Justice Clarence Thomas Alleged To Receive Thousands Yearly From Closed Real Estate Firm

Supreme Court Justice Clarence Thomas disclosed on financial disclosure forms that his family received thousands of dollars in rental revenue from a Nebraska real estate company that has been closed since 2006, according to a story by The Washington Post on Sunday.

Over the past 20 years, Thomas has disclosed income from Ginger Ltd. Partnership; however, the report states that in 2006, the Ginger Ltd. Partnership was shut down and replaced by a new company. Although the new company, Ginger Holdings LLC, has a similar name, Thomas’ records make no note of it.

According to reports, Thomas has disclosed between $50,000 and $100,000 per year from the previous company.

Even if the error can be attributed to a simple paperwork error, it still raises questions about the justice’s financial practices in light of a recent ProPublica investigation that revealed Thomas secretly accepted lavish trips from Republican megadonor Harlan Crow for more than 20 years, ostensibly in violation of a financial disclosure law.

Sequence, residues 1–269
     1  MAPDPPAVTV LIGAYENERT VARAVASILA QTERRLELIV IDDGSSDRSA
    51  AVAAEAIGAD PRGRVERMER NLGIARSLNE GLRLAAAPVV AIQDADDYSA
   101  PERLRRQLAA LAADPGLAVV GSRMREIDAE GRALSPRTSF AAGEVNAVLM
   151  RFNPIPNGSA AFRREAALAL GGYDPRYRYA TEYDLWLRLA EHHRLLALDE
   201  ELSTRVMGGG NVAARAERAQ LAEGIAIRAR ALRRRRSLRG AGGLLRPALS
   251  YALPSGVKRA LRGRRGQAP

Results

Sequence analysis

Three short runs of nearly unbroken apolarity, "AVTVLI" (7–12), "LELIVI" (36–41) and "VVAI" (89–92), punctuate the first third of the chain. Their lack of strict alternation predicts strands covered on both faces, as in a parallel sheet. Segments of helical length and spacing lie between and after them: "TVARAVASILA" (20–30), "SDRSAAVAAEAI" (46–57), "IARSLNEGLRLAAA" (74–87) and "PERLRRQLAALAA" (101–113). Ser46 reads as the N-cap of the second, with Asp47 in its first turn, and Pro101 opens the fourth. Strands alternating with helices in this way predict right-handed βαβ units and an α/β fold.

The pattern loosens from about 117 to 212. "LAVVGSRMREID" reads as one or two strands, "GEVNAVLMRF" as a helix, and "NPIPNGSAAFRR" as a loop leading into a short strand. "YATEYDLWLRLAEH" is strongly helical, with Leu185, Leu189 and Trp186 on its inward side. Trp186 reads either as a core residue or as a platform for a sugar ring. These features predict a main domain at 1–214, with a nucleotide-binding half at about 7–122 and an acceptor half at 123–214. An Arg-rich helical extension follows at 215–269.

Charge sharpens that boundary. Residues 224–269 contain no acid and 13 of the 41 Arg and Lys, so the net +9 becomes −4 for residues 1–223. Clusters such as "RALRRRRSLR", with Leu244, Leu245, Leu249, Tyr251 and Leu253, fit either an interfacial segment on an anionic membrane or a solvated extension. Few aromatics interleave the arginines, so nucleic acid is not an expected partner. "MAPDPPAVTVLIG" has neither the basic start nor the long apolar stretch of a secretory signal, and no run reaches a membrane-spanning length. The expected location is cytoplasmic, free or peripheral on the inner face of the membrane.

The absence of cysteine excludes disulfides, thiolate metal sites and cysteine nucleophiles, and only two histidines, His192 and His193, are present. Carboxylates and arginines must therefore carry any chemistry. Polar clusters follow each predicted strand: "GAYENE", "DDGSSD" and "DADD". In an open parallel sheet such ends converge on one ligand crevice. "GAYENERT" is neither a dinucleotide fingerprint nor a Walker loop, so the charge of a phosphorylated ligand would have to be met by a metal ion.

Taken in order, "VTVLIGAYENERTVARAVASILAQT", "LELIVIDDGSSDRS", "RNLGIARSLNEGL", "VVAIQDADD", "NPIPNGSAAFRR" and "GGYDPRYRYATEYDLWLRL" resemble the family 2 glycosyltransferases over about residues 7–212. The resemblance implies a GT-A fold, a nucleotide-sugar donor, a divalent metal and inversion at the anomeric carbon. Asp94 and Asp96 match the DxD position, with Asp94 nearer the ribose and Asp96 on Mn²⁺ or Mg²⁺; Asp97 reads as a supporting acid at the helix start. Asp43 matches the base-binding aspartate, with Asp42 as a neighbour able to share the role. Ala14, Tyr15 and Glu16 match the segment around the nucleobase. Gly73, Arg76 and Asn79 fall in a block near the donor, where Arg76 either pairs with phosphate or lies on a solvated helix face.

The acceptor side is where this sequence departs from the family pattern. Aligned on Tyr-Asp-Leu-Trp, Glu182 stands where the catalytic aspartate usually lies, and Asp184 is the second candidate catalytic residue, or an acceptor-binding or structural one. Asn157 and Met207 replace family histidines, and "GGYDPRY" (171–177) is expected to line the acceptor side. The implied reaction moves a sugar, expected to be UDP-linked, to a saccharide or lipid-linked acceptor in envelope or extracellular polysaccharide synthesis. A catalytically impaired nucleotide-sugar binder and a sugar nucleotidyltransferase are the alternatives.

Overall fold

Justice Clarence Thomas Alleged To Receive Thousands Yearly From Closed Real Estate Firm

Thomas, a conservative associate judge on the United States Supreme Court since 1991, allegedly failed to declare the travels on his financial reports as required by law, according to the nonprofit newsroom. ProPublica claims that Crow bought the property from Thomas, which the justice also avoided mentioning.

The investigation gives Thomas’ critics more evidence to support their claim that he should recuse himself from cases involving his wife’s conservative political activities, including her involvement in schemes to rig the 2020 election.

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The Democratic majority on the Senate Judiciary Committee demanded a probe into Thomas’ actions on Monday.

Chairman Dick Durbin of Illinois and the other 10 Democratic members of the Senate Judiciary panel wrote to Chief Justice John Roberts urging him to “immediately open” an investigation into “how such conduct could take place” under his watch.

In the letter, the committee said it would arrange a hearing “in the coming days” to discuss “the need to restore confidence in the Supreme Court’s ethical standards.”

The Post contacted Thomas and his wife for comment, but they did not answer. There was no immediate response when CNBC got the Supreme Court for analysis.

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